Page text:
Retrieving the User’s Display Name
After copying the above code snippet into your project, you may notice a squiggly red line on the following method call:
The GetUserDisplayName is a custom method that needs to be added in manually and is the only way in which we can retrieve the Display Name of the user, which is not returned as part of the IPluginExecutionContext. We, therefore, need to query the User (systemuser) entity to return the Full Name (fullname) field, which we can then use to populate our newly create Note record. We use a custom method to return this value, which is provided below and should be placed after the last 2 curly braces after the Execute method, but before the final 2 closing braces:
private string GetUserDisplayName(Guid userID, IOrganizationService service)
Entity user = service.Retrieve("systemuser", userID, new ColumnSet("fullname"));
Deploy to the application using the Plug-in Registration Tool
The steps involved in this do not differ greatly from what was demonstrated in last week’s post, so I won’t repeat myself 🙂 The only thing you need to make sure you do after you have registered the plug-in is to configure the plug-in Step. Without this, your plug-in will not execute. Right-click your newly deployed plug-in on the main window of the Registration Tool and select Register New Step:
On the form that appears, populate the fields/values indicated below:
- Message: Create
- Primary Entity: Lead
- Run in User’s Context: Calling User
- Event Pipeline Stage of Execution: Post-Operation
The window should look similar to the below if populated correctly. If so, then you can click Register New Step to update the application:
All that remains is to perform a quick test within the application by creating a new Lead record. After saving, we can then verify that the plug-in has created the Note record as intended:
Having compared both solutions to achieve the same purpose, is there a recommended approach to take?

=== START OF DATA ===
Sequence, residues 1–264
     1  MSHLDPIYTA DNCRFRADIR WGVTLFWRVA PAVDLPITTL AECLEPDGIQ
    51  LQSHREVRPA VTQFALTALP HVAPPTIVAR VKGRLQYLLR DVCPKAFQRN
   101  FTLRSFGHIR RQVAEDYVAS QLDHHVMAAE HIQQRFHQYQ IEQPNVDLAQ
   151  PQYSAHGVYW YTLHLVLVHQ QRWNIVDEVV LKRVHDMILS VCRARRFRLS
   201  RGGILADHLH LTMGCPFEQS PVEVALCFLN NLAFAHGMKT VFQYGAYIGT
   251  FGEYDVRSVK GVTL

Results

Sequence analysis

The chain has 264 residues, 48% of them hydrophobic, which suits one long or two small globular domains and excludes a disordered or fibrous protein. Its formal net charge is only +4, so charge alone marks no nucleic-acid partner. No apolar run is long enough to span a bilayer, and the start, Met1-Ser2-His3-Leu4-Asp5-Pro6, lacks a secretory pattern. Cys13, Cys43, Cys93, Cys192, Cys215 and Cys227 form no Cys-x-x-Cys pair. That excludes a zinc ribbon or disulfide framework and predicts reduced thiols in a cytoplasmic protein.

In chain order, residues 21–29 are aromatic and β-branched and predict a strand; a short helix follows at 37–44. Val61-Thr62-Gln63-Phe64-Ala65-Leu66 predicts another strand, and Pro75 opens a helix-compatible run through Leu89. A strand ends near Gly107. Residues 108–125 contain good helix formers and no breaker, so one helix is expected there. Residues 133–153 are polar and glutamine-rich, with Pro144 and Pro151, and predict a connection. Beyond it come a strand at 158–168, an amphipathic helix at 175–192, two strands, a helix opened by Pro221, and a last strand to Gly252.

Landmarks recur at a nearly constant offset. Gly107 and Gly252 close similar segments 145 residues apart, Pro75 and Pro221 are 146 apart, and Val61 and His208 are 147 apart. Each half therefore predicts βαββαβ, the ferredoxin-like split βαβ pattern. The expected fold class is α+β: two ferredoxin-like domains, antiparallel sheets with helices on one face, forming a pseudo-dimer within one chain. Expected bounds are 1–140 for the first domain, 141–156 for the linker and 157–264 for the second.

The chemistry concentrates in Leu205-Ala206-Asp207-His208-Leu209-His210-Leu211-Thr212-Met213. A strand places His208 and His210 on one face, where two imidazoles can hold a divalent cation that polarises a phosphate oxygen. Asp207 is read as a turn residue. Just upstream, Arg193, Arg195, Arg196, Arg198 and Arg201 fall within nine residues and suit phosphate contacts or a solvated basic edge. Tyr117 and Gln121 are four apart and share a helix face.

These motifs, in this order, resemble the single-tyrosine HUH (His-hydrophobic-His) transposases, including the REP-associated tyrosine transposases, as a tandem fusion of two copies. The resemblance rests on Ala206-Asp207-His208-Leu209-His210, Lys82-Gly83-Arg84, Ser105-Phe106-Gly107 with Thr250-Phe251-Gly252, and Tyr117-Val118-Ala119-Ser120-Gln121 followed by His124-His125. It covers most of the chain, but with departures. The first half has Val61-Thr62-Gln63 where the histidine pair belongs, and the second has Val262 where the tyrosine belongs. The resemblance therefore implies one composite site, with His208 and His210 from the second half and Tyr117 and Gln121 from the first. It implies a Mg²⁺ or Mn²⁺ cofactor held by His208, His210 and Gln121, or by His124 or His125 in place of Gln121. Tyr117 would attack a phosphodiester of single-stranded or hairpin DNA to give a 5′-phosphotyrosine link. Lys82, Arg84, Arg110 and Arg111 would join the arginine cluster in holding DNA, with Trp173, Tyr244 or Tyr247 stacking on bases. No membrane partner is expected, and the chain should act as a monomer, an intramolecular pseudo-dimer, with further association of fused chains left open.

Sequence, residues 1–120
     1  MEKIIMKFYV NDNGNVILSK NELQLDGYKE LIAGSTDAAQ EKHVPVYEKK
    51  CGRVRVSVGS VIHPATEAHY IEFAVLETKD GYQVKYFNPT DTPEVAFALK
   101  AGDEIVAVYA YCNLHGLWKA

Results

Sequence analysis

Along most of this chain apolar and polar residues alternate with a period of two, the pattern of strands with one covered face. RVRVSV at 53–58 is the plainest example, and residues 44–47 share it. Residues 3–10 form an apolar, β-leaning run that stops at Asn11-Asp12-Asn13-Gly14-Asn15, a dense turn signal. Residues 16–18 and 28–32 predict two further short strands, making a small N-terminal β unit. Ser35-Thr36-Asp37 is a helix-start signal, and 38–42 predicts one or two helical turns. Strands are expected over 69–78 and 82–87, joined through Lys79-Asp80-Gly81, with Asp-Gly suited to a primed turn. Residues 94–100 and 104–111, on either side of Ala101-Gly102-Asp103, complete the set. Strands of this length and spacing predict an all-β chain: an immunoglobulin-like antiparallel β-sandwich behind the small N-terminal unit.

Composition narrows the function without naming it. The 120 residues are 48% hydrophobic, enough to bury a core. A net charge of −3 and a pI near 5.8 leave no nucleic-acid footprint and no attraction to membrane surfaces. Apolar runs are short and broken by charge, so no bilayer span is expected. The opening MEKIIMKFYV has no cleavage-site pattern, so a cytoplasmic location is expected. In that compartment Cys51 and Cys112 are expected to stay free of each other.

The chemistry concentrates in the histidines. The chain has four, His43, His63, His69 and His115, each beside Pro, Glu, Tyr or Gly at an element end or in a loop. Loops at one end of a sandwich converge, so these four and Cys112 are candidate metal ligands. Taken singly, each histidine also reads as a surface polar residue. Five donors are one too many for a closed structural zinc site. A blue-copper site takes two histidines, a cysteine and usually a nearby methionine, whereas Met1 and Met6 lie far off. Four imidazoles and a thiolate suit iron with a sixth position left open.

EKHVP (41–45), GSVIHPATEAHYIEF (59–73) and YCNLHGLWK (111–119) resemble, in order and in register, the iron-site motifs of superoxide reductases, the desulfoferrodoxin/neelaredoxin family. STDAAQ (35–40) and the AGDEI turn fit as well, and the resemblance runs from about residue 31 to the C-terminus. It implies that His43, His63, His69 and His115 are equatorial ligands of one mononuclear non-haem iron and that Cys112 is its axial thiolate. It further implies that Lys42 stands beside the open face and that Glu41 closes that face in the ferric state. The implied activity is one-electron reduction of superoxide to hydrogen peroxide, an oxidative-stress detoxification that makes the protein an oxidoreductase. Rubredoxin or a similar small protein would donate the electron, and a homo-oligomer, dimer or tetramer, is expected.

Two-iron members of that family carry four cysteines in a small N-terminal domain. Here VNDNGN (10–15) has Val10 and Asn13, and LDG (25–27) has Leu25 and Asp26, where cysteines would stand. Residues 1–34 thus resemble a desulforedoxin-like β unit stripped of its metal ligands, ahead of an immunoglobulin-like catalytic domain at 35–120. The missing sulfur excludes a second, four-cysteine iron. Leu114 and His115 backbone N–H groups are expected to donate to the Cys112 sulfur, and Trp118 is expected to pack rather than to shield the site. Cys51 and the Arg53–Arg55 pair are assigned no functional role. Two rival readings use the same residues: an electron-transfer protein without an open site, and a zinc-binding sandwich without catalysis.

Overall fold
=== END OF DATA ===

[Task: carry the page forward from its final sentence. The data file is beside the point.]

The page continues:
The examples shown in the past two blog posts indicate excellently how solutions to specific scenarios within the application can be achieved via differing ways. As clearly evidenced, one could argue that there is a code-heavy (plug-in) and a light-touch coding (custom Workflow assembly) option available, depending on how comfortable you are with working with the SDK. Plug-ins are a natural choice if you are confident working solely within Visual Studio or have a requirement to perform additional business logic as part of your requirements. This could range from complex record retrieval operations within the application or even an external integration piece involving specific and highly tailored code. The Workflow path clearly favours those of us who prefer to work within the application in a supported manner and, in this particular example, can make certain tasks easier to accomplish. As we have seen, the act of retrieving the Display Name of a user is greatly simplified when we go down the Workflow route. Custom Workflow assemblies also offer greater portability and reusability, meaning that you can tailor logic that can be applied to multiple different scenarios in the future. Code reusability is one of the key drivers in many organisations these days, and the use of custom Workflow assemblies neatly fits into this ethos.
These are perhaps a few considerations that you should make when choosing the option that fits the needs of your particular requirement, but it could be that the way you feel most comfortable with ultimately wins the day – so long as this does not compromise the organisation as a consequence, then this is an acceptable stance to take. Hopefully, this short series of posts have demonstrated the versatility of the application and the ability to approach challenges with equally acceptable pathways for resolution.